Shark Chronicles 091 – What is a great white for me
Posted by Brendan Sanders on June 29, 2011
After almost a month here at Oceans, I have learned that there is absolutely nothing about working with sharks that will ever get old.
Whether its assisting small benthic sharks through a maze, observing predator-prey relationships, taking pictures, recording and entering data, getting wet, being cold, hauling the anchor, bait-roping, tying bait heads, bagging hundreds of pounds of fish heads, or crushing sardines with hands and feet.
With good reason, you may wonder what one might find attractive about being elbow deep in fish guts. Particularly with sardines, because they are so oily, it takes days to remove the smell from your hands, and your clothes are more likely to decompose than ever smell fresh again. For me, this smell is more inviting than any perfume. Its not that creating fish-gut soup is my favourite activity in itself (although, at this point, I’m pretty much an expert). The thing is, at Oceans, you learn that the smell of dead fish means chum, and chum means Great Whites.
The feeling I get every time I see a Great White is no different than the feeling of excitement, awe, and utter astonishment I felt when I first saw one: Peering over the edge of our boat ‘Cheetah’ into the murky blue-green ocean I saw a shadow deep in the water. I thought my eyes were playing tricks on me, but as I continued staring the shadow started to take shape. Large triangular wings protruded from the expertly shaded 3.5 meter long torpedo-shaped body. The powerful caudal tail moved only slightly as it propelled this marvel of evolution through the water with seemingly unprecedented efficiency. The shark cruised casually by the boat and eyed the bait-fish floating nearby. My jaw dropped. I had to shake my head and pinch myself. I’ve seen countless documentaries and pictures, but nothing compares to seeing this animal in real life. Its absolutely surreal - almost as if it doesn’t belong in this place or this time. It is a prehistoric leviathan, more effective than any of its ancient relatives and so well equipped that it has been able to defy nature’s merciless ways for millions of years. For me, seeing a great white is like staring into the past.
The shark was so amazing and so beautiful that I wanted to jump in the water and swim with it. Thankfully, my usually absent voice of reason chimed in and reminded me that this was still a powerful apex predator and it would probably not be too thrilled with being hugged by some starry-eyed human.
Since that first sighting, every time I see a Great White my appreciation and admiration grows. I am constantly witnessing new behaviours and new personalities. Different sharks show different levels of aggression, interest, and effort, and they all have different strategies for attacking the bait-head. Bait-roping is the strategy we use to bring the shark to the surface so that we can get photo identification and note defining characteristics. The idea is to pull the large fish head out of the water before the shark is able to bite it. Sharks come from different directions at different speeds making bait-roping one of the most intense jobs on the water. Imagine holding a rope attached to a fish that is floating in the water a few feet from the boat. The visibility in the water is less than two meters. You know there is a shark around, so you can’t take your eye off the bait. All of a sudden, out of nowhere, you see a nose, then mouth, then eyes of a Great White coming in from the left. You pull the fish out of the water just in time as the shark opens its mouth and lunges slowly. Two minutes later the shark comes from the right, a little faster this time, you pull the fish out just in time again. This isn’t so hard. The shark disappears for several minutes. Then, faster than you can react, a massive set of jaws with countless razor sharp teeth speeds in from directly below and crushes your bait. Momentum carries the monstrous shark halfway out of the water before it crashes back and starts to barrel roll, flailing its tail and splashing everyone on the boat. In a few seconds the shark is gone and you are left only with the pathetically frayed ends of your rope. Did I just get outsmarted by a fish? No, you were outsmarted by a Great White. Incredible.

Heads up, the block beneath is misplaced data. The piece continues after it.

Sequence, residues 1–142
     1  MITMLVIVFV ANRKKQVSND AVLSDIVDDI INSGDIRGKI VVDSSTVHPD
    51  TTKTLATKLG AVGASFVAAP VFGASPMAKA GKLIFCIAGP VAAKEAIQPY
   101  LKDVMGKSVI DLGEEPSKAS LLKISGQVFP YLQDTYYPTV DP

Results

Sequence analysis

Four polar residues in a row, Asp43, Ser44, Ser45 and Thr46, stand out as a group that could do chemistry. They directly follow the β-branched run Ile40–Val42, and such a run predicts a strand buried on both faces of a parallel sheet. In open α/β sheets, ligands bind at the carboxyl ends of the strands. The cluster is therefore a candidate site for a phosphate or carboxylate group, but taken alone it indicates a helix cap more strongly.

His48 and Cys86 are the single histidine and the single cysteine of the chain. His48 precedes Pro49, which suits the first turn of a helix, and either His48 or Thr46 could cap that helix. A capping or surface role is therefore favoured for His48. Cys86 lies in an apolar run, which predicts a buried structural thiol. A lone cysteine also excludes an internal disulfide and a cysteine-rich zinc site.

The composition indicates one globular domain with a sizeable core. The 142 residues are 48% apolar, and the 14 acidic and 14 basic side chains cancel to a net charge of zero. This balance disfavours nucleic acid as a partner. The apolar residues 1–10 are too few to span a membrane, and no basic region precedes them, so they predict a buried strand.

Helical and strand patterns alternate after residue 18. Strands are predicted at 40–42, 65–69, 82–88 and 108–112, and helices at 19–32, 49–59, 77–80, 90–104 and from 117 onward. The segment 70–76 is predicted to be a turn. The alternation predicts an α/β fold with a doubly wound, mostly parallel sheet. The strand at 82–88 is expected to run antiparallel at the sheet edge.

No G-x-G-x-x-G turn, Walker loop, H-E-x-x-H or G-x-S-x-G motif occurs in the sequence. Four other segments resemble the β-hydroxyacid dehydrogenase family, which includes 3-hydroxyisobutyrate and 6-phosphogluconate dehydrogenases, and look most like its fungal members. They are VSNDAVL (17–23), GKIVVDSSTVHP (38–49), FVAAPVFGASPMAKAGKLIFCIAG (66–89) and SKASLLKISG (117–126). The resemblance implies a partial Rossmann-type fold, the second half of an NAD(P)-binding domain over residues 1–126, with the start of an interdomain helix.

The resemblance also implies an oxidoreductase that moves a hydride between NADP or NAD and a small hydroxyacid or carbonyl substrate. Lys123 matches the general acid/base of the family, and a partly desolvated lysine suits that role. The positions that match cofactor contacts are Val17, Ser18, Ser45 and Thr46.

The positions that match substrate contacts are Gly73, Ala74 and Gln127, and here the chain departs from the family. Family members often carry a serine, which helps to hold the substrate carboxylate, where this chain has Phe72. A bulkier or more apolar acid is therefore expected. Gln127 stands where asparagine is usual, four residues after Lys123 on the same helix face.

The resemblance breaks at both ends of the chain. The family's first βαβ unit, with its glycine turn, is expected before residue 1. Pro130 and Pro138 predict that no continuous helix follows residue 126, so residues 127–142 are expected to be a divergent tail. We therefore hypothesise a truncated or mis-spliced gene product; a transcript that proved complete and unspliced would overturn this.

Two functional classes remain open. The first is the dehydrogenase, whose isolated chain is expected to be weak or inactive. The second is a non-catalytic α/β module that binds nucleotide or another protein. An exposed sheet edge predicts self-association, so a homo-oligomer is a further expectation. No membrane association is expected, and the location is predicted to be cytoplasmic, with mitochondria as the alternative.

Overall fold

I came to Oceans because I have always been simultaneously fascinated and terrified of sharks. After my time here, my fascination is through the roof, my respect is unparalleled, and my fear is non-existent. Many people have a negative image of sharks because they don’t understand them. The media likes to make sharks appear like dangerous killers because they’re top predators in a realm that is mysterious and foreign to us. Here at Oceans, we study what sharks eat, when they eat, where they go and when, what they do, how they behave, and how they think. After only a month, I feel closer to sharks than ever. I have a newfound understanding of their intricacies, personalities, and objectives. Its like with anything: the more you understand something, the less apprehension you have towards it. I now understand fully that the shark is a marvel of nature that should not be feared, but should be embraced and protected.